Monday, July 06, 2009

Holy Waters

I has been a pretty slow season for me as far as fly fishing goes, both because I haven't caught nearly as many trout as I usually to but also because I haven't been out nearly as much. Having a puppy at home was a big contributor to this. I'm hoping to make up for this a little bit with a trip to the "Holy Waters" of the Au Sable River near Grayling Michigan. I'm planning to meet up with a buddy there in mid-September for close to a week of fly fishing.

In fly fishing circles, few trout streams in the world are any more renowned than Michigan's Au Sable River. A state-designated Natural River as well as a Department of Natural Resources-dubbed "Blue Ribbon Trout Stream," the Au Sable is not only one of the eastern United States' most legendary streams, but it also is the birth place of Trout Unlimited, a national conservation group that soon will celebrate its 50th anniversary.

Yet within the Au Sable River system, which encompasses several branches and numerous stretches of varying character, there is one portion of the river that stands out from the rest -- a stretch known as "The Holy Water." An 8.7-mile reach on the mainstream that begins just east of the city of Grayling in Crawford County, the Holy Water meanders from Burton's Landing to Wakeley Bridge and is known for its wadable water, dependable insect hatches and quality trout fishing.

The name Holy Waters was coined in the early 1970s by the late Cal Gates, owner of Gates' Au Sable Lodge, a fly fishing mecca located on the south bank of the famed stream.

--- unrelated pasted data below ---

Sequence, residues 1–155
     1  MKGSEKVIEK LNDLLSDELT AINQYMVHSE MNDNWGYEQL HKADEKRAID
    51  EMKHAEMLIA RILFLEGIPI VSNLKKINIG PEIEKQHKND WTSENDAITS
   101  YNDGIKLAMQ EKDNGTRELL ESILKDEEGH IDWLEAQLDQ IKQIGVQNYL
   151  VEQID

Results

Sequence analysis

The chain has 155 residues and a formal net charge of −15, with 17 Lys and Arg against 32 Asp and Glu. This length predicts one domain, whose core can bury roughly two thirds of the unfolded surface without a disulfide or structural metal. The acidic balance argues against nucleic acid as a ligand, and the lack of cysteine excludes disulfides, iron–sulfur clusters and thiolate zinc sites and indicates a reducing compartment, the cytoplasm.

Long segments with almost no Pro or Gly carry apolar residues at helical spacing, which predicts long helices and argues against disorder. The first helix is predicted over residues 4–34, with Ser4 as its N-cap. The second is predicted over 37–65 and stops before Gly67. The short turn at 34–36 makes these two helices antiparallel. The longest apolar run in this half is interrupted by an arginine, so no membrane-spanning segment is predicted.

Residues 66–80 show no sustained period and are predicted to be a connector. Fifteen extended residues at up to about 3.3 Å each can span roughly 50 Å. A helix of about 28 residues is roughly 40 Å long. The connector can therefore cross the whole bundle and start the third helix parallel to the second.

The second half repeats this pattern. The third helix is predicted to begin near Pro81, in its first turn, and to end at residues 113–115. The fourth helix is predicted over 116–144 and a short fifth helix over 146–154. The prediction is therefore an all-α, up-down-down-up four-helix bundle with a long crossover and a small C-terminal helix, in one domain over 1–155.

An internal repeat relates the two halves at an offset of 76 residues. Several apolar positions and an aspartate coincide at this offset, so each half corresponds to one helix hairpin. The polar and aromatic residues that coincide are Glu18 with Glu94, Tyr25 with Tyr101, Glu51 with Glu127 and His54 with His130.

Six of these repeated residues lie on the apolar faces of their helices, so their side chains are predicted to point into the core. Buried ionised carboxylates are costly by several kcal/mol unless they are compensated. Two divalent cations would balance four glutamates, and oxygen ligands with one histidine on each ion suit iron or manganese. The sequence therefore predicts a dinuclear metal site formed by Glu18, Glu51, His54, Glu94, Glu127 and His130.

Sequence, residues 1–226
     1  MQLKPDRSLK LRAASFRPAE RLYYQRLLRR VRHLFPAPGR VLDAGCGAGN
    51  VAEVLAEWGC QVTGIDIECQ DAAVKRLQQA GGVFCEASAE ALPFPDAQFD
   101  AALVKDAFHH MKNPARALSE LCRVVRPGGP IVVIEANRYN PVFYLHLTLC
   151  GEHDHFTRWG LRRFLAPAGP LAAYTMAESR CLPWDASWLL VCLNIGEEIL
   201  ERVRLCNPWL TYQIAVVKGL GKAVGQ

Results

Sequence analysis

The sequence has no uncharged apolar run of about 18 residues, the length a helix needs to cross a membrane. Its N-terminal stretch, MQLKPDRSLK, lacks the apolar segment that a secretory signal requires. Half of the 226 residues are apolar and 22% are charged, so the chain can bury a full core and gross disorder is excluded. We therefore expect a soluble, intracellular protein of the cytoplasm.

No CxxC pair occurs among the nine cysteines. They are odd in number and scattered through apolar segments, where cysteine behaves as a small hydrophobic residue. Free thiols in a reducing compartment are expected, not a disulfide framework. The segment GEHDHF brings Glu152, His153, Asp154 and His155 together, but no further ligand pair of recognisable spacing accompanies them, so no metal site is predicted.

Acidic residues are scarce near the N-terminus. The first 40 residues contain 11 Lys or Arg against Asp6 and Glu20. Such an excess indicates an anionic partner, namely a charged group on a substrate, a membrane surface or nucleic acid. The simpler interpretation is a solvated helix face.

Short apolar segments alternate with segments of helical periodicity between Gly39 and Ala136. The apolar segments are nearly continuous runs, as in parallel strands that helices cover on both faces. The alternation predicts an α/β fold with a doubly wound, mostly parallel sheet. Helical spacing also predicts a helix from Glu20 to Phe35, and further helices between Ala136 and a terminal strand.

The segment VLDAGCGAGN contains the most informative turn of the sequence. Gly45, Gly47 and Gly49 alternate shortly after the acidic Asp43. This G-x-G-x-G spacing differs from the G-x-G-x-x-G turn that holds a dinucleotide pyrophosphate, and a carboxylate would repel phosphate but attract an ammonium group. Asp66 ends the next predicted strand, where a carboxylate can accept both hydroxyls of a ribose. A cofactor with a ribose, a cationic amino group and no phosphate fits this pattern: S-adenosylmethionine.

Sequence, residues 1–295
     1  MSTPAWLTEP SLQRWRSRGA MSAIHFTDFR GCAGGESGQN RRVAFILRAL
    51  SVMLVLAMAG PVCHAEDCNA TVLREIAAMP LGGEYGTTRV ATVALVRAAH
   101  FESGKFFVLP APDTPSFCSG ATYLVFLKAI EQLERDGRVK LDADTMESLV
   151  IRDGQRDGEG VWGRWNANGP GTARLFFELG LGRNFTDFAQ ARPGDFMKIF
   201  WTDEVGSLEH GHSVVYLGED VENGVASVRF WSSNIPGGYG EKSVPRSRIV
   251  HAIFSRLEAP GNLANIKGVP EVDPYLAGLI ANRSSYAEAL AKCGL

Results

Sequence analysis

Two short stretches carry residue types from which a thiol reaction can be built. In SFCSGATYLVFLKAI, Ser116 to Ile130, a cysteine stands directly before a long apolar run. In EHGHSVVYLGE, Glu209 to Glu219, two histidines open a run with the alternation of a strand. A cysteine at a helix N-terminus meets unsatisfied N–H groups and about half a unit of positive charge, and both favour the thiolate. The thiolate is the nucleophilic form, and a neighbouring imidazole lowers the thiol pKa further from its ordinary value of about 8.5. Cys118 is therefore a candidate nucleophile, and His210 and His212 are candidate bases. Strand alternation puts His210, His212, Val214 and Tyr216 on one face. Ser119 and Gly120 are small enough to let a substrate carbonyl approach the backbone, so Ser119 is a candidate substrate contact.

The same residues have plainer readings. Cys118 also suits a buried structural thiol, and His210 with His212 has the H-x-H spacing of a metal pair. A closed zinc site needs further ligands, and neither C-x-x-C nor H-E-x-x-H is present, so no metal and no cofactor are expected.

I fished there once before, a few years ago. It was June and it was blistering heat and no self-respecting trout would rise to a fly. I checked out the various branches and a couple other nearby streams as well, but no trout. I also experienced the famed "canoe hatch", when some 500 often drunken canoeists float down the river each day. As one local fellow told me, the way to fish the stream is to fish the bottom end in the early morning before the canoes get there, then go find a nice spot for an afternoon nap. In the late afternoon, head for the upper sections, since all the canoes have already launched for the day and are below these areas. I'm hoping that by September the canoe hatch will have subsided some.

I don't expect to get on many rivers during the heat of July and part of August, but I'll be out looking for isonychias later in August and into September.


Anonymous haveflywillfish said...

What a great idea for a trip.
I've heard many folks who swear by the fishing in Michigan, and it strikes me as being down to earth kind of place compared to a trip to, say Montana :-)
There was a story I read about a well known river keeper, guide, storeowner on the Au Sauble in a fishing magazine. I believe it was the son of Cal Gates.
Always blame the cats :-)

8:27 AM  
Blogger mister anchovy said...

I go to the UP from time to time as well. There are some nice brook trout streams up there. My experience has been feast or famine, but I've always enjoyed fishing those waters.

9:50 AM  
Blogger mister anchovy said...

Well, it turns out my buddy can't make the trip, so I decided to modify my plans and fish the river here instead in the afternoons, perhaps after some mornings in my favourite mushroom forests.

5:23 PM  

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